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NTT and NEC use vibrating optic fibres to figure out if there's snow on the road

Japan’s short of workers and limiting overtime, so it needs stuff like this – and remote-controlled excavators


Japanese tech giant NTT has shown off some tech tricks it hopes will help alleviate the shortage of workers created by the nation’s ageing population, and looming regulations that restrict weekly working hours.

One of NTT’s experiments relies on using optic fibre that’s already in the ground as part of comms networks as a sensor, a feat made possible by the fact that shooting lasers down a fibre can detect and locate nearby vibrations. NEC provided that capability using a system it’s developed that can detect the speed of passing traffic. NTT and its Japanese neighbour used a correlation analysis to detect when snow had fallen in Aomori City, home to around 250,000 people near the northern tip of Honshu, Japan’s largest island.

Using vehicle speed info, plus the vibration frequencies correlated with different road surface conditions, the two companies were able to detect when snow had fallen and make recommendations to have it cleared.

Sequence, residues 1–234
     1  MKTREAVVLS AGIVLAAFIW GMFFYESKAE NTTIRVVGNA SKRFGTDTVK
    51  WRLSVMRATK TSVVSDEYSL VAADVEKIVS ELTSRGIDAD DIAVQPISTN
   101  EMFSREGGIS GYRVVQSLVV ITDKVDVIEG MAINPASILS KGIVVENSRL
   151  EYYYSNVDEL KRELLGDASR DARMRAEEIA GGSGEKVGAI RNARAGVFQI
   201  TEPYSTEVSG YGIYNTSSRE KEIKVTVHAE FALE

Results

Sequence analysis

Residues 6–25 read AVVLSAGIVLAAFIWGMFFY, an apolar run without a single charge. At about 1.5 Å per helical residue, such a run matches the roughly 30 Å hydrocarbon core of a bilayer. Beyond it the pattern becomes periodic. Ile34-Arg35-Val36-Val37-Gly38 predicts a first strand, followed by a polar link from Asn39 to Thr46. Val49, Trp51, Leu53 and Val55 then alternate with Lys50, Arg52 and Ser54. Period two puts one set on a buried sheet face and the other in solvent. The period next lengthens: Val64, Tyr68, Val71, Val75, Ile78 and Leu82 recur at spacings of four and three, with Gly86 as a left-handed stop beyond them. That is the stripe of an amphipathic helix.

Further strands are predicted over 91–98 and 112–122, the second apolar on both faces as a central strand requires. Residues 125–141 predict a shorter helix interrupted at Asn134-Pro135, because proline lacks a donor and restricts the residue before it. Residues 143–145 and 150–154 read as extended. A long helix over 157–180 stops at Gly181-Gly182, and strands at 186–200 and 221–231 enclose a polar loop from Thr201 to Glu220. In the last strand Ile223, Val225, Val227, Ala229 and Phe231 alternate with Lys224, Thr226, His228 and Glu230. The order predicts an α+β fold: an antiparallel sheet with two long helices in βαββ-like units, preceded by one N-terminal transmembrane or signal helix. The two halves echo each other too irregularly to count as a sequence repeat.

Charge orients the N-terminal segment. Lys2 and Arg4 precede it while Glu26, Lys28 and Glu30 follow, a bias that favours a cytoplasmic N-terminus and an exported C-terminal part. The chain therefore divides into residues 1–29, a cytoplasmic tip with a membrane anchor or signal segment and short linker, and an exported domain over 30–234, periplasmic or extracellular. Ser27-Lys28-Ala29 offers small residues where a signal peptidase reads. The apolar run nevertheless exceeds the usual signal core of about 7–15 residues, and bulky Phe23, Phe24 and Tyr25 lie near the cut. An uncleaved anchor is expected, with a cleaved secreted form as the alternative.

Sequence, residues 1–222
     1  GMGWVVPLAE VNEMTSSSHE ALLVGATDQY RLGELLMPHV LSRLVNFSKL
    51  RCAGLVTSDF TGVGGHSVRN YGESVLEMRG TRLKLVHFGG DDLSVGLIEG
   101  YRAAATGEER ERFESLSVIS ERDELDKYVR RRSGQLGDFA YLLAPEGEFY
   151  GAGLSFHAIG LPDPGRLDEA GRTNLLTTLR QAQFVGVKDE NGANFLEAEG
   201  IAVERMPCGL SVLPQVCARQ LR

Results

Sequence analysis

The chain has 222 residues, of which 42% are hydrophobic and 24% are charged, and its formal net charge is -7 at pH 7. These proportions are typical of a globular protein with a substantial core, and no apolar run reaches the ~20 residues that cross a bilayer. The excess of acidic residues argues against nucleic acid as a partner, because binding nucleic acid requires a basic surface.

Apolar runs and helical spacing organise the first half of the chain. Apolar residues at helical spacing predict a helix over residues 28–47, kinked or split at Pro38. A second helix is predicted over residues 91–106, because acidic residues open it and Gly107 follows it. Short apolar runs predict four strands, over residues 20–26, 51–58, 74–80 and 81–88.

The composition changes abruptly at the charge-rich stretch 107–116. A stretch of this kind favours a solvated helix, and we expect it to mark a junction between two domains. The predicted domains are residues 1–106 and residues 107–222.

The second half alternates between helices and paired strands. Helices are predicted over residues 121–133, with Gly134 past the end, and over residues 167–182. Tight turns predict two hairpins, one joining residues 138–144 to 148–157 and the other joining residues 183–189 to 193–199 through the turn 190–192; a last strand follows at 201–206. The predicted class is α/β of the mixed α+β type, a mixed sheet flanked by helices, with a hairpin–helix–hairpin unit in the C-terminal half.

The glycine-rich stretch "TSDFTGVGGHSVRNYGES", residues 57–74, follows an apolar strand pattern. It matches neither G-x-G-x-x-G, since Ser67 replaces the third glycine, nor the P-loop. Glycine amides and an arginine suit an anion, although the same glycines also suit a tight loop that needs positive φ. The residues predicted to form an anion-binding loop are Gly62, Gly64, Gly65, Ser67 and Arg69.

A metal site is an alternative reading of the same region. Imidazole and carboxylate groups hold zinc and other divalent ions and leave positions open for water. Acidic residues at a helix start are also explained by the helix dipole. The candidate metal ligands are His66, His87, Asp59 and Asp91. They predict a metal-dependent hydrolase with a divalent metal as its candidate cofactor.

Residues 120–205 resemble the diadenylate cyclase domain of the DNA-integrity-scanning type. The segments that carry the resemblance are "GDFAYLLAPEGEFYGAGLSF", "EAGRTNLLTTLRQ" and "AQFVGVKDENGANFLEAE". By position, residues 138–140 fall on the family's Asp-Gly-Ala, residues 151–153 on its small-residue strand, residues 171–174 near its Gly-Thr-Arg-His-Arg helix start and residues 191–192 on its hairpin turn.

Such recommendations are valuable because assessment of road conditions is currently only made during daylight hours, and labour shortages mean there aren’t enough people available to assess whether it’s time to fire up the snowploughs.

Workers are especially scarce in Japan’s rural areas, some of which are experiencing population declines.

NTT and NEC therefore suggested the results of their tests are promising, and will conduct further experiments in other locations to advance the tech.

Acting alone, NTT has tested remote control of construction machinery, using its All Photonics Network to connect an excavator cockpit at one of its offices to actual excavators at a remote site, with the final connection between the fibre network and diggers using an unspecified wireless tech.

The network beamed back 4K video with 500msec delay, a span of time deemed sufficient for a remote operator to work safely.

Again, NTT thinks the results are sufficiently promising to try the technique on more sites.

Another motivation for the tests is a law that, when it comes into force in 2024, will limit the amount of overtime that construction workers are allowed to perform each year. NTT reckons one way to reduce overtime is removing the need for equipment operators to travel to building sites. Even if its other efforts have ensure the route is free of snow. ®

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